South Sister St. Marys, Tasmania

South Sister

erosion possibility

[text of letter from Owen Ingles recommending caution over logging on South Sister]

Owen Ingles Pty. Ltd.
Tasmania, 7275


Dear Lesley,

I received your letter with the detailed proposed logging coupe (NI 114A) map and photos of nearby areas. I note that the top of South Sister itself is reserved, and a further narrow reserve lies to the east thereof. It was very difficult to read the legend at lower left, but I think I am correct in saying that the average slope in the proposed logging coupe is about 12° (but very variable), so that landslip hazard should only be an issue in respect of the logging roads, which would need to be carefully designed and maintained (i.e. the Code should be strictly followed).

The real concern on this site will be the SOIL. Within the logging area the soil has formed from a dolerite scree over Permian sand/silt/mud stones, and is quite shallow; mostly less than 1 m thick (sometimes half that), and is a brown gradational loam (Northcote Gn 4.31), moderately porous and susceptible to sheet erosion. In such circumstances, it is absolutely imperative that a good ground cover be maintained at all times - in other words, clear felling is quite out of the question (and may be the reason why selective logging has been proposed). But what must also be out of the question is any BURNING after logging, as that would be just as bad as the clear fell if it were done just before heavy rains (this area has an annual rainfall of 1000 - 1200 mm).

The dolerite baserock is EXTREMELY slow weathering, so there is a major risk in this coupe that erosion (principally sheet) will destroy the soil cover and hence prevent forest regrowth within a matter of a few years - perhaps as little as 50 years (see my paper in Upper Catchment Issues). In this regard, I would call your attention to Forestry's own publication Geomorphology Manual (Kieman, K., 1990) which says on p. 21 'Forests represent a renewable resource, but the soils in which they grow are not renewable over less than centuries' Correct (my emphasis)! That Manual continues on p. 21 to say 'it takes at least 2-4 years of regeneration before runoff returns to pre-logging levels. erosion risk is aggravated during this time'. And on p. 23 is the specifically relevant phrase 'From the perspective of forest management, the loss even of dolerite soils is effectively irrevocable'.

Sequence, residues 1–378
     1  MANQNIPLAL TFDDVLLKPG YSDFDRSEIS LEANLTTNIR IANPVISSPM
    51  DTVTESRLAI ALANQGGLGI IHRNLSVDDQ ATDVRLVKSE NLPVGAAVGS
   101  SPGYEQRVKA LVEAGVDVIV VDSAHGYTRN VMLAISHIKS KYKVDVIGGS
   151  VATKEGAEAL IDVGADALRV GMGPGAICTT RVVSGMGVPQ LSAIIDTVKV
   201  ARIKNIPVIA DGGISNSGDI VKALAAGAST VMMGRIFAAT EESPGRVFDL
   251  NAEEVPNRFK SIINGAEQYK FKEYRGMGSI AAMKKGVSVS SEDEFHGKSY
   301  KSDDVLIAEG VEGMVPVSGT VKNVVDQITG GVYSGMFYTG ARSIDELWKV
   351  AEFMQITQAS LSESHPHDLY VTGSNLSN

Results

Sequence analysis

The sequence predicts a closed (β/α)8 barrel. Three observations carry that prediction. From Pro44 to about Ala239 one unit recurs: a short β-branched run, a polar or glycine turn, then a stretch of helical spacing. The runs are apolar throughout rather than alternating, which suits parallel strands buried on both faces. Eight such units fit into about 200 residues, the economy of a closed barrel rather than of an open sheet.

I suggest that you use this letter in submissions to the local Council or local Parliamentary representative seeking Forestry's justification for ignoring its own assessments. If so, please attach a copy of my own technical paper referred to above, as the soil erosion is a very insidious one which is not perceived at an average few millimetres a year, but can be quite deadly for the welfare of the next generation.

Yours sincerely,


Owen G. Ingles (Dr.)

Owen G. Ingles, B.A., M.Sc., Ph.D., F.R.S.C., F.I.E.Aust., M.I.E., M.A.I.E., C.Eng., C.Chem., C.P.Eng.
Owen Ingles P/L,
Soil Engineering and Risk Management Consultants,
Swan Point, Tasmania

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